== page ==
Modern elevators -- those fitted in the past 30 years -- generally use multiple embedded computer systems to help run the lift. These systems generate an array of data, indicating when floor buttons are pressed, when the door opens and closes, how often the motors driving the lift are running and the weight being carried by the elevator car.
The lift's systems also generates error or event codes, which can be read by a maintenance engineer during the next routine service and help them work out what needs attention.
ThyssenKrupp plans to attach a device that collects these codes, alongside other data about the operation of the elevator, and sends them to the Azure platform every day.
By monitoring usage in this way ThyssenKrupp plans to target when and where it carries out maintenance. Rather than scheduling a routine service every x number of months, the frequency and nature of these services would instead be based on how each elevator is functioning. Keeping tabs on their workings will be the Azure machine learning service, which will monitor details such as how often a lift door opens or the energy expended to drive the elevator.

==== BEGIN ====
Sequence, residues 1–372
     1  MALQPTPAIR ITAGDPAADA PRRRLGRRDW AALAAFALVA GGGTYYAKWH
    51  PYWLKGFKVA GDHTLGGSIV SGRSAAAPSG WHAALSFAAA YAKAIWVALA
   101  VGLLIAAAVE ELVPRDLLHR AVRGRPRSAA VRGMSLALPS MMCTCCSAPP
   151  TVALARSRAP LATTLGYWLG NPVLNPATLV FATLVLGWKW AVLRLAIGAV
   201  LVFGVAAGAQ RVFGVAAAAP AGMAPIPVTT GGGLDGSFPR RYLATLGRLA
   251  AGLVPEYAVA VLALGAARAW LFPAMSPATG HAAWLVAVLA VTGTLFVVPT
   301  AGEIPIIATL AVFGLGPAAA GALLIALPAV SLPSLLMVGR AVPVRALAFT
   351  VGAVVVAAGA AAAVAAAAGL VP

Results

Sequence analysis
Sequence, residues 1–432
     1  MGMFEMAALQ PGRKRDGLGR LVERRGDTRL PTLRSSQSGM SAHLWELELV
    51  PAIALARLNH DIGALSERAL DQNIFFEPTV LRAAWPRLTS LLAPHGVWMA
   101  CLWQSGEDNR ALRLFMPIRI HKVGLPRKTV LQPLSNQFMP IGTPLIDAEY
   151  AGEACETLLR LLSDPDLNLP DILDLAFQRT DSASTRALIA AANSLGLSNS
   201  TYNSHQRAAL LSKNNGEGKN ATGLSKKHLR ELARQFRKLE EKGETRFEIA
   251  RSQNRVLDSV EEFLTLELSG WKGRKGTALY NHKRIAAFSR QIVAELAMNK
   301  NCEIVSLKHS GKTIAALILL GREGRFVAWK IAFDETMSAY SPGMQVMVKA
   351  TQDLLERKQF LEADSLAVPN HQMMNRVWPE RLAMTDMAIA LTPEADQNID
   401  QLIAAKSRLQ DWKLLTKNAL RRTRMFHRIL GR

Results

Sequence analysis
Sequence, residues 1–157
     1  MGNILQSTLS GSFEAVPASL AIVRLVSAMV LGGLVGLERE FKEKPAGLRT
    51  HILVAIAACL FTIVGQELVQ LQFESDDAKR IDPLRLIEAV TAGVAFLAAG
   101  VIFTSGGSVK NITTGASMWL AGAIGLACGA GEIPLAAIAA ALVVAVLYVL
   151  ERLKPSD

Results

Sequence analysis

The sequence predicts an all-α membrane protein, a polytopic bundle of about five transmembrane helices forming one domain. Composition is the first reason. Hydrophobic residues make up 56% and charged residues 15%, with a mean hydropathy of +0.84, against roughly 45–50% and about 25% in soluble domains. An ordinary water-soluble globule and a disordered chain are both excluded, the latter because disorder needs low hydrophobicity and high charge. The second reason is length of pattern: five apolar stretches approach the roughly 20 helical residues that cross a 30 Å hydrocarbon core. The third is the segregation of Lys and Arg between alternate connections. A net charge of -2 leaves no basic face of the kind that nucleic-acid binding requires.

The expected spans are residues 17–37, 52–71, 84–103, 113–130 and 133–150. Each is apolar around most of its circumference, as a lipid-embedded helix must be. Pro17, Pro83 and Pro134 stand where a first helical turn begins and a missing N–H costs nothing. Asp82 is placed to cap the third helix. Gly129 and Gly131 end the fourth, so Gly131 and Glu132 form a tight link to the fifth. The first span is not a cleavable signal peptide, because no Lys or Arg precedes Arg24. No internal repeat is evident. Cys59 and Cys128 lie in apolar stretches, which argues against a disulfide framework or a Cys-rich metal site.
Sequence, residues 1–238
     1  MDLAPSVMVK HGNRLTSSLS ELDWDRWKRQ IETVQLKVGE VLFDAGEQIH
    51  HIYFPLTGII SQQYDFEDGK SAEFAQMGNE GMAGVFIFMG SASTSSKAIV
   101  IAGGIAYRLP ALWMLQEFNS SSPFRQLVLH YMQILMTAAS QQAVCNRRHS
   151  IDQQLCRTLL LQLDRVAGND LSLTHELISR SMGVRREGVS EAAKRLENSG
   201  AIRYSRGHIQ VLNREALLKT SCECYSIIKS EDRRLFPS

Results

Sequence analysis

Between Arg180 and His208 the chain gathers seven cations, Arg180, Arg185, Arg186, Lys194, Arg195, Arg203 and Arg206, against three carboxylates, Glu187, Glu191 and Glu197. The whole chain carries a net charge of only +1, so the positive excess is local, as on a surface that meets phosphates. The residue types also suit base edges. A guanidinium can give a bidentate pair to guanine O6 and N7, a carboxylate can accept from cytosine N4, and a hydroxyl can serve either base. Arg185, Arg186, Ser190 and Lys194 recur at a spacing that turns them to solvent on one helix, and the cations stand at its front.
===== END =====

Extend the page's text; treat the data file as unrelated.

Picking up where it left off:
"We can really adjust our maintenance and learn just how much is needed. What are the tasks we need to perform on our next visit based upon the usage, the environment, the weather and the building," said Smith.
"Let's suppose we know the load of a car and the motor current; if we see the current going up at the same load over time, it means some friction element is increasing -- such as maybe a bearing going bad."
"With machine learning we're going to be given a list saying 'On your next maintenance these are the tasks that you should perform'," said Smith.